Officials for the College Manor retirement community and the Lutherville Community Association are reportedly negotiating an agreement that would allow the nursing home to build an 80-bed expansion while still providing protections from future development for the surrounding neighborhoods.
Third District County Councilman Todd Huff, who represents Lutherville, said he has been working with both sides on the issue, which stems from a zoning request made by College Manor in the county's ongoing Comprehensive Zoning Map Process.
"It's just a matter of establishing some longevity on the covenants itself," Huff said last week. "I hope to have it all worked out within the next week."
According to College Manor Director of Nursing Bunny Renaud, the most recent proposal sent to Lutherville association attorneys proposes to reduce the amount of land that would have its zoning changed from DR-2, a zone allowing two units per acre, to DR-16 — a designation that allows for 16 units per acre.
In its initial CZMP request, College Manor asked for all 11.56 acres of its campus to be hanged from DR-2 to DR-16, but the Planning Board recommended that just four acres be rezoned, and the community is negotiating for even less.
Renaud said the latest proposal includes less than four acres, though she would not say the exact amount of land.
Laurie Hooper, president of the Lutherville Community Association, said the length of the covenant, which would allow College Manor to build its addition but prevent future construction for an agreed-upon time frame, depends on how much land would be rezoned.
Hooper said community would go along with a minimum of a 20-year covenant, which College Manor proposed in its most recent offer, if just two acres are developed, but would seek at least 30 years if four acres of land were rezoned.
Under current plans, College Manor is seeking to build an addition to house 80 people — the same amount they presently house in the original building, which would be converted into 12 apartments.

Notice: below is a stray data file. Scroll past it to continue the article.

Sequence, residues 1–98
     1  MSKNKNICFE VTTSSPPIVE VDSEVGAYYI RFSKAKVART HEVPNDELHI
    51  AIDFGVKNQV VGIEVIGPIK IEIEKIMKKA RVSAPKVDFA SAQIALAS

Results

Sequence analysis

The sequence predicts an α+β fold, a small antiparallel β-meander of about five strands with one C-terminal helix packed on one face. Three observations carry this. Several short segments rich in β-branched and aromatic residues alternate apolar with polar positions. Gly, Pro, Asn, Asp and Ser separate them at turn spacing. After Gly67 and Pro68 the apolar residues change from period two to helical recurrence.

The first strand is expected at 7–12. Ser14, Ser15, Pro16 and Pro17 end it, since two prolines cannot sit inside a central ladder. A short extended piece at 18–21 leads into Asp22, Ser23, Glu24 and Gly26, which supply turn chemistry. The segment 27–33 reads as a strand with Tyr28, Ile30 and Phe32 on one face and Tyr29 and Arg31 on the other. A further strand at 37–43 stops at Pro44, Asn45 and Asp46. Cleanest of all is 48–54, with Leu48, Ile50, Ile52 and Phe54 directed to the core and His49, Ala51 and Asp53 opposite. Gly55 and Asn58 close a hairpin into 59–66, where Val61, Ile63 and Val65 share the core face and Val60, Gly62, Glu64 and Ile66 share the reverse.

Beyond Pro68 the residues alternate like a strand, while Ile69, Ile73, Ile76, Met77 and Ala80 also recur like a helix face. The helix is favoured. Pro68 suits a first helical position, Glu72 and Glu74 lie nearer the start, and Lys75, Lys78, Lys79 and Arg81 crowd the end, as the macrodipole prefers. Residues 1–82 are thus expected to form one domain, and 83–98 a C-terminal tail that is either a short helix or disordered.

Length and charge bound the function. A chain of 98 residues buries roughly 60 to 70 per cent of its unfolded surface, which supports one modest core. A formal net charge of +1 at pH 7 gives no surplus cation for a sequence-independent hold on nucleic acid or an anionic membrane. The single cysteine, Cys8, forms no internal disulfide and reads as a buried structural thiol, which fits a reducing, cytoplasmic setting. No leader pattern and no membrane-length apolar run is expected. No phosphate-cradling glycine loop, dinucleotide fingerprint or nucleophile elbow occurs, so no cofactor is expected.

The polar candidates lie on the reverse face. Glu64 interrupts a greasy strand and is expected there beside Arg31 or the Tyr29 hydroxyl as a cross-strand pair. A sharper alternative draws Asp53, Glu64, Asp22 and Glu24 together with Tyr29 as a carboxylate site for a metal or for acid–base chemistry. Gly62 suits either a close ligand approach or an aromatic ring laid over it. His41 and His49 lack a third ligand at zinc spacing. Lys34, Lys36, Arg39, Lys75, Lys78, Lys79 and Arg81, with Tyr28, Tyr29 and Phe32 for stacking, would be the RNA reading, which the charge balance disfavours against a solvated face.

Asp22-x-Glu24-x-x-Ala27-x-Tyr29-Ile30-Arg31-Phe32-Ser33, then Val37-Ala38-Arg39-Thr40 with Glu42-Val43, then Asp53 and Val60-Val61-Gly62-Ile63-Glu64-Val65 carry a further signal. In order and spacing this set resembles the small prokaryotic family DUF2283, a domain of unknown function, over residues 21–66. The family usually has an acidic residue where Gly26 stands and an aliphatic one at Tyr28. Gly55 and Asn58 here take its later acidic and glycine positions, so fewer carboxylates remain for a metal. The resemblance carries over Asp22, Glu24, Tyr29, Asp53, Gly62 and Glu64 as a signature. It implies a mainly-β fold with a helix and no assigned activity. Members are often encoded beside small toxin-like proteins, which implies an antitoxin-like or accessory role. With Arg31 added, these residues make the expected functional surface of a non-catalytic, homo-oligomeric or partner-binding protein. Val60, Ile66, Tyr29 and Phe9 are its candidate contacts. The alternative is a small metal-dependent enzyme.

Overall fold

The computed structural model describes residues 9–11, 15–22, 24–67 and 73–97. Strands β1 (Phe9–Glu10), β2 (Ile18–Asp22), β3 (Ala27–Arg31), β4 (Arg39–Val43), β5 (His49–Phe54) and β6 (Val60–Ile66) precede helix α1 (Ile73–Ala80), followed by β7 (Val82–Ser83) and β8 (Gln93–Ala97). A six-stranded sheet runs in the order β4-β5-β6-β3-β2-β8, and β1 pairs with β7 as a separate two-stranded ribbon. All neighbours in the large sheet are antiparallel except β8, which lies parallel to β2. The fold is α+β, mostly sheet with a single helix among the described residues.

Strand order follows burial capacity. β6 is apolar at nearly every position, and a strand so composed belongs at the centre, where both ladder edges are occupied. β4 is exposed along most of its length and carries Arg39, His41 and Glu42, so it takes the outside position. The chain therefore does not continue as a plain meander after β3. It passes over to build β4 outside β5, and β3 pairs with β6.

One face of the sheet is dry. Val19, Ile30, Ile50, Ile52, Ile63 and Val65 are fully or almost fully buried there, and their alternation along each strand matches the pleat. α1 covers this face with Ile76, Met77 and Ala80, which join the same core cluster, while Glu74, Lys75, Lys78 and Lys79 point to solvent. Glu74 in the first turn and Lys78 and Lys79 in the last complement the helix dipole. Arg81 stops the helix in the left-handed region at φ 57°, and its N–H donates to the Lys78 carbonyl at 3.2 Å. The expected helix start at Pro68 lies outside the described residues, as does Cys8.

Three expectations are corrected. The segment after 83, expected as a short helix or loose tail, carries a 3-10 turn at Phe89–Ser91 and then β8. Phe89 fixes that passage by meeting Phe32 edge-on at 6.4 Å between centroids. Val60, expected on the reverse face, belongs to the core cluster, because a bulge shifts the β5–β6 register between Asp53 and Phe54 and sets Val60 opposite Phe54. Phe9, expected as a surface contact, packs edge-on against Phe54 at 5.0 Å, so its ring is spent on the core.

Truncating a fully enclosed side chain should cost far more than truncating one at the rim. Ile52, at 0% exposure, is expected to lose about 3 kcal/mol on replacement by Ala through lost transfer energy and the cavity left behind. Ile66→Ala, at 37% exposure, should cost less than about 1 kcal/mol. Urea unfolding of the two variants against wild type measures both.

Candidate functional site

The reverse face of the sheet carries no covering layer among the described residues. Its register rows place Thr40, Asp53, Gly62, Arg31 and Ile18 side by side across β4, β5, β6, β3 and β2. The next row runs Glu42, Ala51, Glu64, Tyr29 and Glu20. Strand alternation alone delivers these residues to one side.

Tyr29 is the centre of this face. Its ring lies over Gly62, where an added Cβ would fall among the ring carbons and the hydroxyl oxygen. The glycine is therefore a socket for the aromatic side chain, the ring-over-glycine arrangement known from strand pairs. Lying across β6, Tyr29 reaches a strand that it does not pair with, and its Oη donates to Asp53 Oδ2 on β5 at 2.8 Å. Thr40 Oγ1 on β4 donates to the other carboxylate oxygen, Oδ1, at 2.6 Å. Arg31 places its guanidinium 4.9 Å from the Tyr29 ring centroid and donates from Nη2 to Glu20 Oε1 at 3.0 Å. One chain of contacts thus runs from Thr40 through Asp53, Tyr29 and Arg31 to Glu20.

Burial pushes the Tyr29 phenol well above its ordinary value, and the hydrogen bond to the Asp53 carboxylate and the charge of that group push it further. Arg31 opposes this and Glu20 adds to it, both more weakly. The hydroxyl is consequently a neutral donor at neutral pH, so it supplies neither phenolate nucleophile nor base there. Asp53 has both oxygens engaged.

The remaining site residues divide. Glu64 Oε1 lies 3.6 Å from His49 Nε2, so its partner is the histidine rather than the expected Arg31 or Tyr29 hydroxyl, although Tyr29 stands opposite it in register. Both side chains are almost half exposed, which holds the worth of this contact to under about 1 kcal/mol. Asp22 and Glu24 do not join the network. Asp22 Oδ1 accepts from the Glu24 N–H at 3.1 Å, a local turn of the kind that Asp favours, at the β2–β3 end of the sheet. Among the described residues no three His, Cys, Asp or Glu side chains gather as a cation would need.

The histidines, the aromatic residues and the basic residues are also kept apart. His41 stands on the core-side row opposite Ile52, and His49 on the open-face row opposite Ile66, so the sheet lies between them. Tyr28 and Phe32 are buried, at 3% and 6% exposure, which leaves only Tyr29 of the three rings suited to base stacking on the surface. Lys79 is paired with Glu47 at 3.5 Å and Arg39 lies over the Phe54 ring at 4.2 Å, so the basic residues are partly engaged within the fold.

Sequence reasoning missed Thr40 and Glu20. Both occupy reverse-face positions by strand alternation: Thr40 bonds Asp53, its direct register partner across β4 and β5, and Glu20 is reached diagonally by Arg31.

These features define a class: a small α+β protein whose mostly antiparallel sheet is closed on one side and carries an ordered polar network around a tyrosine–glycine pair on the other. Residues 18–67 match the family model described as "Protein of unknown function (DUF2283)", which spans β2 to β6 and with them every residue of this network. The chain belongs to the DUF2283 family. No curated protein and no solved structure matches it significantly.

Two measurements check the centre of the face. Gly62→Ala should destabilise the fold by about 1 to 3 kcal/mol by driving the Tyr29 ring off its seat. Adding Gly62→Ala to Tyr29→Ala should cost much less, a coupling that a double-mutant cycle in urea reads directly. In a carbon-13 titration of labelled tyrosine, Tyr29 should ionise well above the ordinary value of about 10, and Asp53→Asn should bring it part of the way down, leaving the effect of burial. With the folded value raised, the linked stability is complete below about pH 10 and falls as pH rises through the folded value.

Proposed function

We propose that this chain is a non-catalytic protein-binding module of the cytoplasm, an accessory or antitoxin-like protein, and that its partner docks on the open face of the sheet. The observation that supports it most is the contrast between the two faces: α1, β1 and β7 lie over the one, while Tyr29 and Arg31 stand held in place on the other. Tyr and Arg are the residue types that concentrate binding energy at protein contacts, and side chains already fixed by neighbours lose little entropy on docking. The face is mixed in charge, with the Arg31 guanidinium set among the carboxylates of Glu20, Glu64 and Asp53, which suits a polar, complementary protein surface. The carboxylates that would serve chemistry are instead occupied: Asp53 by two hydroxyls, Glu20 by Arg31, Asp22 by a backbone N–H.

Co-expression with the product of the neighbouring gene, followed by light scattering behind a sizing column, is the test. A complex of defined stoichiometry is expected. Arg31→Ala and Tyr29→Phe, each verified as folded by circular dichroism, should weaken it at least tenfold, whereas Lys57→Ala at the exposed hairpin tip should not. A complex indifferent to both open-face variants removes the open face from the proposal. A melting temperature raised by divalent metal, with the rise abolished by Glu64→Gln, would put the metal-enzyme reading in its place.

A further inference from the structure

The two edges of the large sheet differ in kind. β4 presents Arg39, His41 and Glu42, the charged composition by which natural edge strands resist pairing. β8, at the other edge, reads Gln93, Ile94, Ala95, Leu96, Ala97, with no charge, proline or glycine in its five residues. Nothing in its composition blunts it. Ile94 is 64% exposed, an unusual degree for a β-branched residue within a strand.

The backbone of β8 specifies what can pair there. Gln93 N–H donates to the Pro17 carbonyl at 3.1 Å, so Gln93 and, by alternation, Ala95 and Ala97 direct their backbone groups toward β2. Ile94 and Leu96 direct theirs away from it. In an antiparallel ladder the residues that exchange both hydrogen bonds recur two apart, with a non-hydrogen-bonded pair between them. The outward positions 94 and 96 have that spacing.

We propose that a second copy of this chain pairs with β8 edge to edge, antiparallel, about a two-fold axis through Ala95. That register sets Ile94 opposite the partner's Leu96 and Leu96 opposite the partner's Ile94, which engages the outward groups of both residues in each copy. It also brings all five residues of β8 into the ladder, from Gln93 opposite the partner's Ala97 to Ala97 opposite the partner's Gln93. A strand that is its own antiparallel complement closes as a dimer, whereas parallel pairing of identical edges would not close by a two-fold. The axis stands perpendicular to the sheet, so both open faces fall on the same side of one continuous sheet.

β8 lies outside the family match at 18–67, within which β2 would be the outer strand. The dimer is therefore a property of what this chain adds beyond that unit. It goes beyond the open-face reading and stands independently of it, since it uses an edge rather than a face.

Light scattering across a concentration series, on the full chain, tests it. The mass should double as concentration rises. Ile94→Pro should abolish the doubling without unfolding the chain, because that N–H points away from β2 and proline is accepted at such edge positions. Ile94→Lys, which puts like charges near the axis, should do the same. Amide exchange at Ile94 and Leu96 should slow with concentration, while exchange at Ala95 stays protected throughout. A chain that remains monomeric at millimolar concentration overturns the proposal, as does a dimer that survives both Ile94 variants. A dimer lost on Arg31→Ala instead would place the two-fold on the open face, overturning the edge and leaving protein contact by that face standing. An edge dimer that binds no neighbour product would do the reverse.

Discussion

"We're not really adding to the traffic," she said. "We're not making any new curb cuts on the property, and we're not getting any closer to our neighbors."
Renaud said that past plans had been larger, but with each proposal, the scale of the addition has gotten smaller.
"We can't go any smaller than that and be able to maintain ourselves in the marketplace, but we're going to do our best with whatever the outcome is to improve the property, no matter what," she said.
Hooper said community would go along with a minimum of a 20-year covenant if just two acres are developed, but would seek at least 30 years if four acres of land were rezoned.
Hooper said there's "no animus" against College Manor from the community association, and they "don't want to interfere with their ability to continue to prosper as a business."
"College Manor is a valuable member of the community," he said. "This is about finding a way to meet their reasonable needs for expansion, and our needs to protect the long-term needs of the historic neighborhood."
Part of the most recent College Manor proposal includes a stipulation that roadside signs throughout the neighborhood that read "No High Density Development — stopcollegemanor.com" be removed.
Should the covenant not work out, College Manor's fate will be in the hands of Huff, who will make decisions on the CZMP requests in the 3rd District. Huff has 71 requests to consider throughout the district, and said, "I'm dealing with each one individually."
One way Huff might deal with it is through Bill 48-12, which was introduced July 2 and would allow for additional development at senior housing facilities in a DR zone under a set of certain stipulations.
Those stipulations — that the senior housing facility be at least 11 acres in size, be located in a county historic district, and contain an existing structure at least 50 years old — all apply to College Manor. The bill would allow development if it is "designed to be compatible with and make use of the existing historic structure," is connected to the existing building and is no taller than the existing building.
The bill, which is scheduled to be discussed at a council work session on July 31, also requires at least five acres of open space on the property, and prohibits more than 80 assisted living units and 12 dwelling units for seniors.
Hooper said he sees the legislative approach as a "very bad idea" because new legislation could be passed at a later date that supersedes it.
All sides caution that any resolution — be it a covenant or legislation — would just be one step in the process. Even if a covenant is agreed upon, Hooper said the 15-member LCA board would need to approve it.
Additionally, due to College Manor's location within Historic Lutherville, any work would need to be approved by both the neighborhood association and the county's Landmarks Preservation Commission.
The County Council is scheduled to vote on the final CZMP package on Tuesday, Aug. 28.Copyright © 2015, The Baltimore Sun